54 Chilling Images With Unknown Stories From History

By Sophia Maddox | December 10, 2023

A group of young shoe shiners gather around a Civil War veteran to hear his tales in Pennsylvania, 1935.

When you look back at history there are moments that you can’t help but feel like you’ve lived. Big, sweeping, epic moments that are etched in stone. But even more fascinating are the stories that exist between the bullet points. These jaw-dropping photos that tell the unknown stories are sure to amaze. Click ahead with fervor and plow through pictures and anecdotes about everything from World War II to Madonna, and even the early years of Walt Disney.

That’s not all we have. There are eye-opening looks at Mother Nature, natural disasters, and indigenous people that you’d never see in your normal life. Keep some eye drops handy because there’s a lot to learn and photos that will astound you. Onward! 

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Source: Reddit

Gone are the days of the shoe shine. When you could walk down the street and find any young man with a box and a rag who could make your shoes look as good as new. In the 1930s, boot blacks were in most urban areas, and at that time there was also a confluence of the old world meeting with the new world. Holdovers from the 19th century were still hanging out and telling stories about the last half of the 1800s.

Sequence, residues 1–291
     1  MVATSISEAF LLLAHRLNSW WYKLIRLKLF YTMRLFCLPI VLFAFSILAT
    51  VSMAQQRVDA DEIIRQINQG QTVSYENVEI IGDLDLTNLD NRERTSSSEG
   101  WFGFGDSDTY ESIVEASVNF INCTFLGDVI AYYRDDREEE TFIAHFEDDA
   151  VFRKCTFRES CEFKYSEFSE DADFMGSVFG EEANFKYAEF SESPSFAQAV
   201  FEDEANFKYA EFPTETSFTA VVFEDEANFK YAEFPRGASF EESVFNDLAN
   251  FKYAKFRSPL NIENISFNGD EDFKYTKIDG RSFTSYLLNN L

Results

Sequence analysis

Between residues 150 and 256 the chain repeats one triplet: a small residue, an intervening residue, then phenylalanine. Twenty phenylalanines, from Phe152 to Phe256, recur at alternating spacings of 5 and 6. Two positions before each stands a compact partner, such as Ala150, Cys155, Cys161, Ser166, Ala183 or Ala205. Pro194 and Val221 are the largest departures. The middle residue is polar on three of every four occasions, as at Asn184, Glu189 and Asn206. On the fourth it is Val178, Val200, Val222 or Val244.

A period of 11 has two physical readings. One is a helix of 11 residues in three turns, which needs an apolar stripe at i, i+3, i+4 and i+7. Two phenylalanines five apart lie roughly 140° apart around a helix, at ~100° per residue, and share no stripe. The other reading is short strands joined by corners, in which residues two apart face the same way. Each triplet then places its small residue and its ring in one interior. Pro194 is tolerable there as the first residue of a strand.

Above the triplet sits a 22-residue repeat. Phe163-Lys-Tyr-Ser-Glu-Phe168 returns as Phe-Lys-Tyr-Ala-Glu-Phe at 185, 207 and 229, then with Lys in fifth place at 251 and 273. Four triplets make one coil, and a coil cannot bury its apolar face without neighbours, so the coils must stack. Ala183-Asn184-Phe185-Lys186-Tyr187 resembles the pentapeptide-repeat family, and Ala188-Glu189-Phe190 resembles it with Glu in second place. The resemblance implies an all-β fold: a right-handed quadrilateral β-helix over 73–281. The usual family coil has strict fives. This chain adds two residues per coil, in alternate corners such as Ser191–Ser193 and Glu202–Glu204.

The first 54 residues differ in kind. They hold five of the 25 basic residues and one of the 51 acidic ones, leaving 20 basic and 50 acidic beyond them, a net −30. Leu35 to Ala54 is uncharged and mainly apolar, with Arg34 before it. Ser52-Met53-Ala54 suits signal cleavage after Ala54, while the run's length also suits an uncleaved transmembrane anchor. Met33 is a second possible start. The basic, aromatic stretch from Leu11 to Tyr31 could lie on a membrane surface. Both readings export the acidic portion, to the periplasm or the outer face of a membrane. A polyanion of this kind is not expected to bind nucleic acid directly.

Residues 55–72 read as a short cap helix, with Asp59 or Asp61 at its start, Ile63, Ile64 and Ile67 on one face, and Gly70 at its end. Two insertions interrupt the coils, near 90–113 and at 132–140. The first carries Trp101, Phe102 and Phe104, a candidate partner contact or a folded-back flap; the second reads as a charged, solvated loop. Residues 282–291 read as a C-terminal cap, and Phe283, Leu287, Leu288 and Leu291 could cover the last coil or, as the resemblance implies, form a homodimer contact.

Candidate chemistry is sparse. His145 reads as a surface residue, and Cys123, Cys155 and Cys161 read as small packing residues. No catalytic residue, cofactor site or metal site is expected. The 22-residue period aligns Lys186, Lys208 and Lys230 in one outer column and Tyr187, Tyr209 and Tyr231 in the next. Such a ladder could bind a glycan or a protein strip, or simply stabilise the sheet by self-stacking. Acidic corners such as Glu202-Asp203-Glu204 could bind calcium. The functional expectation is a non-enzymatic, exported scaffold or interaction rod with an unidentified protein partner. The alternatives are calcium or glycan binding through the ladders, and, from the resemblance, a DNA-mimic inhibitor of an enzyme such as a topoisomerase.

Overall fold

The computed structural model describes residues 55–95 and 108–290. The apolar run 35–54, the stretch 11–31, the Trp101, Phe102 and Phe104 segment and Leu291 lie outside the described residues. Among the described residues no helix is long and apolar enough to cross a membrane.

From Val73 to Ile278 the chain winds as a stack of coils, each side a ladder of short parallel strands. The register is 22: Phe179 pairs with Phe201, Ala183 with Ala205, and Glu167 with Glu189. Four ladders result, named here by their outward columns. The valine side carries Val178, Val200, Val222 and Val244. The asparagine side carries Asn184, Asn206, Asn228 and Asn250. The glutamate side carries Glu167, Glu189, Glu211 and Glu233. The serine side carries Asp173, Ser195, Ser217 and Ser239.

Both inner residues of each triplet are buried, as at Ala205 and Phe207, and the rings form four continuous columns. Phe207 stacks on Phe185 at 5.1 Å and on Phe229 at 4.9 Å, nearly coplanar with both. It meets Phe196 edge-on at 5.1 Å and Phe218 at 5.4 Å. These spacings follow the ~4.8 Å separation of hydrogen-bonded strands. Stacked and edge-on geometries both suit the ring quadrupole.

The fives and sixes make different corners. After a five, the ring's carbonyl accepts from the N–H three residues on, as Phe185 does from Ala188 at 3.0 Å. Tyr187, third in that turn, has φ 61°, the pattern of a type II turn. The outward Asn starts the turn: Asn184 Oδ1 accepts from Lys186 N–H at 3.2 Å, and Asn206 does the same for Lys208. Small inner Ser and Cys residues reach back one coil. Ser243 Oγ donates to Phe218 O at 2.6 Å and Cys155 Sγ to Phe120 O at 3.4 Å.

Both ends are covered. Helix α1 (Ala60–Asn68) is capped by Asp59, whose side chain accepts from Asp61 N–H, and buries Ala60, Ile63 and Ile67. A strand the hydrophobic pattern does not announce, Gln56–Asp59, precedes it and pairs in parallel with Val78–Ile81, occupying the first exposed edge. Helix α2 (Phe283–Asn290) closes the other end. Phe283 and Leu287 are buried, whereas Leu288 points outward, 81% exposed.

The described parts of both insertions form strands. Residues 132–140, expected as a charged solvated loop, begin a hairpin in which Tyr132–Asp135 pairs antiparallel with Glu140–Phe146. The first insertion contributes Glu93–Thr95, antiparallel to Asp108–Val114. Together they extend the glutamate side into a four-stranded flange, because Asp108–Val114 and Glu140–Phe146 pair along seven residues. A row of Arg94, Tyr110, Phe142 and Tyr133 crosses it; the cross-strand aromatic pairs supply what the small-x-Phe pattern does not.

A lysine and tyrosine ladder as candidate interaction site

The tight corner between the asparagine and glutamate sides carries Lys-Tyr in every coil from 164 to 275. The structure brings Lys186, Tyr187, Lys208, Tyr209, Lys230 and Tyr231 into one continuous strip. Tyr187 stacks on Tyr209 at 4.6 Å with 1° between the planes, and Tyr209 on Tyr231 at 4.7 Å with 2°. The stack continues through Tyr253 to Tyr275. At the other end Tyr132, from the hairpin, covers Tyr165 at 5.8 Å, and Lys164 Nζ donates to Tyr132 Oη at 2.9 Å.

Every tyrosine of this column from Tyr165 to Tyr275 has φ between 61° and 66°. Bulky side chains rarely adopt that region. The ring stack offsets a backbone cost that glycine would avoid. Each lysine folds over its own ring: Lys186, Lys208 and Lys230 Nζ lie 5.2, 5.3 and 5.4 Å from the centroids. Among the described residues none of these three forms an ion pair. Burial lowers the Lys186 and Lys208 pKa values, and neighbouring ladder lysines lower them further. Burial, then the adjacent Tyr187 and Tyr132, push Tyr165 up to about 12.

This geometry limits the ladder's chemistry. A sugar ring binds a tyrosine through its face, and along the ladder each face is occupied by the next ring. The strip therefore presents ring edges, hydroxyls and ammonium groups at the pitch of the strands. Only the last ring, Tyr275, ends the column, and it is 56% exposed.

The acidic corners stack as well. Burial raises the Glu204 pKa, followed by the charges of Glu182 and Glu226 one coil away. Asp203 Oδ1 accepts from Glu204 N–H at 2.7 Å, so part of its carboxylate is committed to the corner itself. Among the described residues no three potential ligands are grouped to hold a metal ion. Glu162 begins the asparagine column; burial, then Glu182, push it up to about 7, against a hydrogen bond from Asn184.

It must have been an amazing time for a young boy to be earning a wage as a boot black. Not only were stories of the old world afoot, but the world was changing at a major rate. 

Barbara Walters, 1949.

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Source: Reddit

In the modern era Barbara Walters is considered one of the most foremost journalists of the 20th century. However in 1949 she was studying English at Sarah Lawrence College in Yonkers, New York. She attended college until 1951 when she earned her B.A. and moved to New York City where she worked for an advertising agency until she was able to get a job at a local NBC affiliate.

By 1953 Walters was producing a children’s program called Ask the Camera. She continued to produce at NBC for a couple of years until moving to CBS in 1955 to write for The Morning Show. It would only take six more years for Walters to take a job at The Today Show.